Italian sleaze director Joe D’Amato’s 1980 gore extravaganza Antropophagus (released theatrically in the US in 1981 under its more famous title The Grim Reaper ) has, like the director himself (who was born as Aristide Massaccesi), been known under other various names including Man Beast , Man Eater , The Beast , The Zombie’s Revenge , and The Savage Island to name a few. It was labeled a notorious so-called ” Video Nasty ” in England upon its PAL and VHS release despite being the same already heavily edited 81-minute version that was released in the States, and I imagine anyone previously unfamiliar with the film and watching the R-rated cut would wonder what all the fuss was about. In its uncut format, it runs approximately 91 minutes and along with some trimmed dialogue features two infamous gore scenes that didn’t make it into the R-rated cut: A gruesome scene where a pregnant woman’s fetus is ripped from her womb by the title beast, and another at the end when the killer is gutted with a pick-axe by heroine Julie (Tisa Farrow of Zombie fame) and chews on his own intestines.
Filmed in 16mm and blown up to 35mm for its theatrical release, Antropophagus has a grainy, washed-out look and was shot between Italy and picturesque Athens in Greece. D’Amato’s direction is typically uneven, as is the film as a whole, but there’s one thing that’s hard to deny about Antropophagus : It’s unsettling. The overall tone of the film is grim and oppressive, dark and brooding, and full of that great, inexplicably creepy early ’80s Italian atmosphere.
The film begins somewhat hastily, with a gory double murder on the beach of a small Greek island of a young couple by an unseen killer armed with a meat cleaver. We then skip over to a boat of seven tourists, which includes our college heroine Julie, who are on their way to the same island, not realizing that by now the entire place has been rid of all human life by the savage murderer. When they arrive on shore of the desolate isle, everyone but pregnant Maggie (Vanessa Steiger) and the boat captain hops off the boat and begins to explore a little. After finding only one living person in town — an elusive woman in black who runs away when they try to approach her — and a dessicated corpse in one building, the doomed travelers return to the shore to find that their boat has gone adrift and is now miles out in the ocean, with Maggie and the captain nowhere in sight.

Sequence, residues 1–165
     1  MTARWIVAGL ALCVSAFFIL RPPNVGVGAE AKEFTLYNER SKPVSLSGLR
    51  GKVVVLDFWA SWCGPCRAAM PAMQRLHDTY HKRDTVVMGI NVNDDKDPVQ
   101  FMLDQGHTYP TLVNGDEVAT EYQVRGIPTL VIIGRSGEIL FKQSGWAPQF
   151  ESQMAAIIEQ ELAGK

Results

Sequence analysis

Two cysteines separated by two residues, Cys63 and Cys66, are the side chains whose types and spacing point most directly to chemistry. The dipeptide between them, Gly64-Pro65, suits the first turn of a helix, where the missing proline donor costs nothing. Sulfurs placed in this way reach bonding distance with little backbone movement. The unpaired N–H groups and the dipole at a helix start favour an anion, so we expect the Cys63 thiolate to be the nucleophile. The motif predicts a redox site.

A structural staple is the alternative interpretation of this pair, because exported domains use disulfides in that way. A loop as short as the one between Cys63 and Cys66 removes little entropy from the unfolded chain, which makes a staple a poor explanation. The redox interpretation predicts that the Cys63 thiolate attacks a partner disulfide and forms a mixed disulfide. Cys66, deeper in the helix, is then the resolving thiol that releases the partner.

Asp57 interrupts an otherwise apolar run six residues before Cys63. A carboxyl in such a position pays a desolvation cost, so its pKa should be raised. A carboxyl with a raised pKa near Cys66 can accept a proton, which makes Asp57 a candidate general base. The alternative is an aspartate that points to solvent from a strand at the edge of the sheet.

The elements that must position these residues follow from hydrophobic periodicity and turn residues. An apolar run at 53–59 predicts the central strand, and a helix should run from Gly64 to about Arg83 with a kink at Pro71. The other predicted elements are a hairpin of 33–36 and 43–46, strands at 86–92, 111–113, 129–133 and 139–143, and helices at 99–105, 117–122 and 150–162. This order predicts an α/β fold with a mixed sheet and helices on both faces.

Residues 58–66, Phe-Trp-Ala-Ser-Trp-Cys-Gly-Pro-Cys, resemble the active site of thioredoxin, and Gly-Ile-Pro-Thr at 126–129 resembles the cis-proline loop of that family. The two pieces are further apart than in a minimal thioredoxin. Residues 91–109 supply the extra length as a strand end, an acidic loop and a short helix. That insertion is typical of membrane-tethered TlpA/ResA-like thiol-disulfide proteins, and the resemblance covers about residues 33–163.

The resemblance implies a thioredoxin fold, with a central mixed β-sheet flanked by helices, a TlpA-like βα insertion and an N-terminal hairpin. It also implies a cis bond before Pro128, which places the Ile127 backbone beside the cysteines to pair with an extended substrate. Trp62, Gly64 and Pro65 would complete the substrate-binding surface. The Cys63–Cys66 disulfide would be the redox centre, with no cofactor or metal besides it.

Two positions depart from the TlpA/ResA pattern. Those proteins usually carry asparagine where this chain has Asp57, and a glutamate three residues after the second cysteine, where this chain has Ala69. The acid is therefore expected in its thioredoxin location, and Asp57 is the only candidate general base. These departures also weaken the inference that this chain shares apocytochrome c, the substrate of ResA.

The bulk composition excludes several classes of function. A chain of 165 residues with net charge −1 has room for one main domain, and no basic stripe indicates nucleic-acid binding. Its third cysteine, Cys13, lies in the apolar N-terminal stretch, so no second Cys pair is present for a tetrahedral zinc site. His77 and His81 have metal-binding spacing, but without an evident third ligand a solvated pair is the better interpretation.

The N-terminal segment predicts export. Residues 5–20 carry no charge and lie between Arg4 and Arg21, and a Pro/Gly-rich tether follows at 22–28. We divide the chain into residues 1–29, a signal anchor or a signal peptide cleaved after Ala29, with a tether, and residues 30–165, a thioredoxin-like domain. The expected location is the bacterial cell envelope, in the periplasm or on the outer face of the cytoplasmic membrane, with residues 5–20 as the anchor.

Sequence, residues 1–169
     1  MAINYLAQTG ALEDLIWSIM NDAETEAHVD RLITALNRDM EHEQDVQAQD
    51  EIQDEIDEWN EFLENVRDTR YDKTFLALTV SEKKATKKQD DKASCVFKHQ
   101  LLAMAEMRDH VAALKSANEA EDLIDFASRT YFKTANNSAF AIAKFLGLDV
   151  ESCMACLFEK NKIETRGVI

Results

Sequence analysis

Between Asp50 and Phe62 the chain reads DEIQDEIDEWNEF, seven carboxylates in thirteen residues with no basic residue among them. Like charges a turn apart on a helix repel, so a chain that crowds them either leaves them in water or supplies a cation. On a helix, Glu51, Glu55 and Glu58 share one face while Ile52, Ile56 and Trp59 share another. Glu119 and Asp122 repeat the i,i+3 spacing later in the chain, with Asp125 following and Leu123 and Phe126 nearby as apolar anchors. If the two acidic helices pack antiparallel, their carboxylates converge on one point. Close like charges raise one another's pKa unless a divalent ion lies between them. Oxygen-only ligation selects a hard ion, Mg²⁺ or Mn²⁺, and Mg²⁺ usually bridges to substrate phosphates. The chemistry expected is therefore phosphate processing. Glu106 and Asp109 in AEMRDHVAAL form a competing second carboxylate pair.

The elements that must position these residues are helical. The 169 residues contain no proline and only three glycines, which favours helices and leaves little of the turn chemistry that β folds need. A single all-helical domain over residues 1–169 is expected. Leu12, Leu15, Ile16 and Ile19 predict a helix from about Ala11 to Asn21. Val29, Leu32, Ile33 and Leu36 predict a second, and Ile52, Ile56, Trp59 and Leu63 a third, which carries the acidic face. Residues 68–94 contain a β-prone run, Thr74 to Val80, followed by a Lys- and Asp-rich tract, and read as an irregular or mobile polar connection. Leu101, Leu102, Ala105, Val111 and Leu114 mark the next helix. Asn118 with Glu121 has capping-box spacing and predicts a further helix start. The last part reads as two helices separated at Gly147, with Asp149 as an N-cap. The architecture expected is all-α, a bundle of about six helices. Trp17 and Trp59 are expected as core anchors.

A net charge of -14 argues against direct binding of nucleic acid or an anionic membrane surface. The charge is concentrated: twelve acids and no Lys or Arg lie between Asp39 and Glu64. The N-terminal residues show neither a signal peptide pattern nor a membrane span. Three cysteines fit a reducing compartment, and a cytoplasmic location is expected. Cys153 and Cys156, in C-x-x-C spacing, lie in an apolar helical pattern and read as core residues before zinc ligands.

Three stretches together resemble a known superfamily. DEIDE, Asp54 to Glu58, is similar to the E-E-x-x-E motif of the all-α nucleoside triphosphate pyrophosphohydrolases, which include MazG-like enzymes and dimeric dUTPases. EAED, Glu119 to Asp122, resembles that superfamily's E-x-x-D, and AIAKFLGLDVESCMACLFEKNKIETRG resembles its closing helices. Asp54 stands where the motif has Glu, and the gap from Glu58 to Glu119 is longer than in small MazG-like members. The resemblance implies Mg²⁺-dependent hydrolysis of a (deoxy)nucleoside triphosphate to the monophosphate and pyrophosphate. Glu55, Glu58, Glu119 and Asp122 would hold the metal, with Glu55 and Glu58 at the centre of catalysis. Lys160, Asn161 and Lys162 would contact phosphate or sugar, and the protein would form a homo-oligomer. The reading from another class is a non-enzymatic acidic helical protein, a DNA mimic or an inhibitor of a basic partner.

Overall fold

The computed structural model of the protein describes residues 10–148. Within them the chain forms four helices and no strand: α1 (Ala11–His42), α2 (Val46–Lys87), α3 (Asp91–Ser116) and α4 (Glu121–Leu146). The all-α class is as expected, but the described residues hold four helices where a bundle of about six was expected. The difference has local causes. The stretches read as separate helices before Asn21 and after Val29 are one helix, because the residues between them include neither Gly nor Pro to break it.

The weary, nervous tourists settle into an empty cottage for the night while they devise a plan, with no electricity and only the light of oil lamp. They discover terrified blind girl Rita (Margaret Mazzantini) drenched in blood and babbling a mad tale about an evil presence, which she can smell when its near, that has killed everyone on the island but her … and is still lurking in the shadows. After the bloodthirsty cannibal picks off her friends one after the other, Julie discovers that the beast was once an average Greek family man named Nikos Karamanlis, who was stranded at sea on a rowboat with his wife and child and resorted to cannibalism to survive after killing his family to spare their suffering. With a newly awakened bloodlust and now shattered mind, Nikos apparently made it to shore and began his gruesome killing and eating spree … and now it’s up to Julie to save her own precious skin from the demented beast.
After the brutal double murder at the beginning, Antropophagus becomes a “slow burner” and builds tension and atmosphere without much violence or gore until a little after the midpoint, making good use of horror elements like heavy shadows and a raging thunderstorm that our tourists find themselves in the middle of. The film was popular enough in Italy to inspire a 1982 “follow-up” titled Absurd (aka Rosse Sangue and Horrible ), also directed by D’Amato and starring George Eastman as a psychopathic killer, which has much of the same style and atmosphere of Antropophagus .
Antropophagus (or The Grim Reaper ) is not a classic in any true sense, but fans of director Joe D’Amato, who also helmed the incredibly gruesome Buried Alive (aka Beyond the Darkness ) and Erotic Nights of the Living Dead among other sleazefests, will not disappointed. The film is indeed chilling in spite of its flaws, and followers of Italian horror films from this period should also enjoy it. I rate Antropophagus a 6.5 of 10 (in its uncut format, which is really the only way to go IMO).